Woman is a lifelong local | PostIndependent.com

Woman is a lifelong local

Post Independent Photo/Kelley Cox Jeanette Friedman loves to read and she is a big fan of the Harry Potter series.

Jeanette Friedman has seen a lot of world go by during her lifetime in Glenwood Springs. From a comfy chair in her quiet room at Open Gate Assisted Living in Glenwood Springs, Jeanette recalled her life here.Born in 1922 to Mary Downing and Raymond “Buck” Blue, Jeanette “went through all the local schools” and graduated from Garfield County High School in 1941.Her father was “what you would call a master auto mechanic” and a foreman at the J.V. Rose Chevrolet dealership. “He started out washing cars and changing tires” when the automobile industry was in its infancy. “As the car industry progressed, so did he,” Jeanette said.Jeanette’s mother grew up in Spring Gulch outside Carbondale in the coal mining town. “My father came with his family from Kansas,” she said.During her high school years Jeanette was wrapped up in music. “I played in numerous organizations and the Glenwood Symphony,” she said. Her principal instrument was the violin, but she also learned to play the viola and “a little piano.”

“I had a wonderful teacher, Emily Rumold,” who organized “string trios, quartets, sextets.”When Emily moved away, “I didn’t do much music after that,” Jeanette said. “She was just starting to teach me the cello.”Jeanette graduated in 1941. Many of her classmates had already left to join the military. She still remembers the day she heard the Japanese had bombed Pearl Harbor.”The first I heard of it, I’d gone to the train depot to mail a letter. You could take letters there then and they’d go out on the train. The stationmaster came running out and told us. We were in shock. Then came the rationing. It was tough, but we made it.”Meat and gasoline were in short supply, among other things. “Word would get out when JCPenney had a new shipment of nylon hose. Everybody, all the women, would run up there and get in line. We did without things we’d like to have, but you didn’t mind,” she said.After high school Jeanette went right to work. Although she’d received a scholarship to attend Greeley Teachers College, “in those times, it was the end of the Depression, there was no money to be had.”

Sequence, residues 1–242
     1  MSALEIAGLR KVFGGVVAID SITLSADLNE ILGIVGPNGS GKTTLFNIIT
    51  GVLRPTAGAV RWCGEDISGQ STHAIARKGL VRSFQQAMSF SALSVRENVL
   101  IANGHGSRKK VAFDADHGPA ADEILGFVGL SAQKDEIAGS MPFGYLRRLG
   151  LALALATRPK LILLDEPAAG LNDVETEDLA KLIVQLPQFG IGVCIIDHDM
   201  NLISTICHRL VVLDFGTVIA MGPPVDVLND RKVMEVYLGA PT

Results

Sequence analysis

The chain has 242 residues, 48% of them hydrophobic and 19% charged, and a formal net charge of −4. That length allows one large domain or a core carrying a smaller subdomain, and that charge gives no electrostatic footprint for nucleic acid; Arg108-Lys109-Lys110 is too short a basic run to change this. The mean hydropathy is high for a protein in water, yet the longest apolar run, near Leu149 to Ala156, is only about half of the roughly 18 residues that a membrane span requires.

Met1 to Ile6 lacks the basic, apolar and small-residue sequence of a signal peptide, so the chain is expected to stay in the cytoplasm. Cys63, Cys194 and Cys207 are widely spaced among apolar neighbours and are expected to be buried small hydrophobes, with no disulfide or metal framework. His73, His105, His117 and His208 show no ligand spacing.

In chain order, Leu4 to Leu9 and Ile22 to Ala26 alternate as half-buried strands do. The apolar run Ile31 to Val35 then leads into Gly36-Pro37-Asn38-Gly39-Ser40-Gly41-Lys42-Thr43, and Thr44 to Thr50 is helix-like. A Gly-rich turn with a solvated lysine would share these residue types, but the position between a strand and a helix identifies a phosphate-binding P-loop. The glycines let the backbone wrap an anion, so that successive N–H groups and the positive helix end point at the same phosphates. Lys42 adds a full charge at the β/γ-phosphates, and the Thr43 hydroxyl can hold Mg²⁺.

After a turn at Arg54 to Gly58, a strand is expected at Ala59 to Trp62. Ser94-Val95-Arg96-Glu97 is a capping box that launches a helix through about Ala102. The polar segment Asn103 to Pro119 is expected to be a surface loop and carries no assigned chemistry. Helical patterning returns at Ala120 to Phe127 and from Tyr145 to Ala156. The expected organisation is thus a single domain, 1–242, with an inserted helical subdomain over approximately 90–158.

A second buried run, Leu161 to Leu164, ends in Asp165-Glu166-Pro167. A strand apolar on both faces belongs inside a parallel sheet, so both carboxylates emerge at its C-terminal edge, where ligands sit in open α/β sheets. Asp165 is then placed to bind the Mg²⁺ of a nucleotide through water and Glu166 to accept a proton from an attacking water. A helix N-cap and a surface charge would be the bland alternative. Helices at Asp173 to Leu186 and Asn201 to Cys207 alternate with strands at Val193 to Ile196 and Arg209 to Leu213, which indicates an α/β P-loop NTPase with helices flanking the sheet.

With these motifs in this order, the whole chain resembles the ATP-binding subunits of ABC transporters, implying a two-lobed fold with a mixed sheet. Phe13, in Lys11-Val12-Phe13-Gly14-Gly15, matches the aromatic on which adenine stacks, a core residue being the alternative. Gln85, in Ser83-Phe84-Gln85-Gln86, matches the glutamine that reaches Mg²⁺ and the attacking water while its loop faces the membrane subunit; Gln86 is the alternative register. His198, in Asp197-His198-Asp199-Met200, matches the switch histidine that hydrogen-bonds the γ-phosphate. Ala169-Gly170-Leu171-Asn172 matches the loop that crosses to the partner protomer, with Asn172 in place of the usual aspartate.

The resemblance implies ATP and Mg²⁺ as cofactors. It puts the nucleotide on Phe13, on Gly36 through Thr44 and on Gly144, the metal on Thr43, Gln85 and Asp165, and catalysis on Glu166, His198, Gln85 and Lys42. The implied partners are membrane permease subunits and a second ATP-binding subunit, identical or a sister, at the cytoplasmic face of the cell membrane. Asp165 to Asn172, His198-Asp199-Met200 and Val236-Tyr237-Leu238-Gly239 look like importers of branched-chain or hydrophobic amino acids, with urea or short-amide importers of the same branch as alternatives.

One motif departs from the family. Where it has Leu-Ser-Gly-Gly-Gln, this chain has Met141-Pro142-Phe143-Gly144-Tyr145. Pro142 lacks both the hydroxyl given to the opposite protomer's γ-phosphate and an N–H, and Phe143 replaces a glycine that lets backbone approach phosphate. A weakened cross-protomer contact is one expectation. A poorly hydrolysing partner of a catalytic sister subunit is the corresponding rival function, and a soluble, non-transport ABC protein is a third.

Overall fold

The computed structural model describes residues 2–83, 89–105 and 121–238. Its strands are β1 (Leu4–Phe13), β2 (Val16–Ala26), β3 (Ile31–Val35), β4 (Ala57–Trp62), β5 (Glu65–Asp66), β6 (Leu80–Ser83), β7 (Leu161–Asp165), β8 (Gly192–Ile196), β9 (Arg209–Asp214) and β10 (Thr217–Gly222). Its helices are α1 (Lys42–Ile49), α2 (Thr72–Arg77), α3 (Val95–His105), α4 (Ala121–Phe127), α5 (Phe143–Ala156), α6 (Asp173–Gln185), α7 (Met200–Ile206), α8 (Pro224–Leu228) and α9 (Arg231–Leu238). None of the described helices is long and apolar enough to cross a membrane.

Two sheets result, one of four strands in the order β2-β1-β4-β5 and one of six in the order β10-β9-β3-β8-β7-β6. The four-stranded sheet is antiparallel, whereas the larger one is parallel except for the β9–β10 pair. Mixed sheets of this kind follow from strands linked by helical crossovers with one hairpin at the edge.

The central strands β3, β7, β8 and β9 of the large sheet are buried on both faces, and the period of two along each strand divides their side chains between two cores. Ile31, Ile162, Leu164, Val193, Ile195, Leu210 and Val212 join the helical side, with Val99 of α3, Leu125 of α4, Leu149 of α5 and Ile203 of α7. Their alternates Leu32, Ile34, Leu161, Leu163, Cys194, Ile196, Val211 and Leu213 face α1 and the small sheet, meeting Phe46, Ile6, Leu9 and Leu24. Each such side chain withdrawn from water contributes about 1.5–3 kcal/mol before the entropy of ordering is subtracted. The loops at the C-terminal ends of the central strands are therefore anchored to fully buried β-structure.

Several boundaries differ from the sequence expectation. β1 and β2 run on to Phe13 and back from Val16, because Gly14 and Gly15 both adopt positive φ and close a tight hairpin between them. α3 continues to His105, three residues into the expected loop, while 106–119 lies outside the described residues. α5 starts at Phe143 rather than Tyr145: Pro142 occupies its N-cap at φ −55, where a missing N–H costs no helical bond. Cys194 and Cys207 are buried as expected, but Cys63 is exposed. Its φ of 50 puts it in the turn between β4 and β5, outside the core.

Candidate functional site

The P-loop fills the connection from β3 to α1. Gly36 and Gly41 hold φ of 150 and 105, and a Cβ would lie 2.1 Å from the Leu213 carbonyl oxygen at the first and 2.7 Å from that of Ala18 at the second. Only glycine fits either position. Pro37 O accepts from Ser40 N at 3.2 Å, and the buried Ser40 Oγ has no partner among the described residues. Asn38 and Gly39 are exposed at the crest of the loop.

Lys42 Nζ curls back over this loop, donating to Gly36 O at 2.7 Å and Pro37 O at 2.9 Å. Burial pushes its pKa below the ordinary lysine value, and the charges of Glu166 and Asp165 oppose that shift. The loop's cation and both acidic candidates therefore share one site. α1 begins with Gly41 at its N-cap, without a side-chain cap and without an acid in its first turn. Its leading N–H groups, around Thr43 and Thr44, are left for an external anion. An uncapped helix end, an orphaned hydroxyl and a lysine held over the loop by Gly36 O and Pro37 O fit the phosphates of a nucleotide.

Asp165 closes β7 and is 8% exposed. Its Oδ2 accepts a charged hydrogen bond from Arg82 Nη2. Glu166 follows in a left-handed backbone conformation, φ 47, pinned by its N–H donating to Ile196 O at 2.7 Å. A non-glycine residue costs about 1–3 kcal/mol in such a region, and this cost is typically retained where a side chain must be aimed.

Her first job, coming as it did during wartime, was with the War Manpower Commission in Glenwood Springs. Among the jobs her office found for men was work at the Hanford Nuclear Power Plant in eastern Washington state. Hanford was built in 1943 as part of the Manhattan Project and produced the plutonium that was used in the atomic bomb, “Fat Boy,” that was dropped on Nagasaki, Japan on Aug. 9, 1945.In fact, Jeanette met her husband, Dennis, when he walked into her office looking for a job. “I got him his first job in a lumber yard,” Jeanette said. They married in 1954.However, the job was ill-fated. Dennis lost his arm in a machinery accident at the yard then went into the auto parts business. Dennis passed away in 1996.Jeanette, meanwhile, continued to work for the manpower commission that evolved into the U.S. Employment Service, then the state employment office. After 12 years in that line of work, she went into banking, retiring from Colorado National l Bank as a loan officer in 1986.Although her professional life was over, then she found a new line of work helping care for her two nieces in Glenwood Springs. Without children of her own, it was a chance to be a grandmother and become intimately involved in their and her niece and nephew-in-law’s lives. It is a role she still treasures today.Over the decades Jeanette has seen many changes in her beloved town. “To me, it is so sad. I can remember back when the polo field was across from Sayre Park, where all those houses are. Grand Avenue was lined with beautiful trees that arched up (over the road).””Growing up in a small town you knew everybody. Nowadays you know no one unless you’re out in the business world,” she said.

Three years ago, Jeanette developed some health problems and had to sell her condo. She moved into Open Gate and is happy there. “They’re very nice people. They try to make it a homey as possible,” she said.Her family, including her sister Betty Kimminau and husband Victor, their children and grandchildren, visit frequently.”People ask me why did I stay here. I guess I couldn’t find my way out,” she laughed.Contact Donna Gray: 945-8515, ext. 510dgray@postindependent.com

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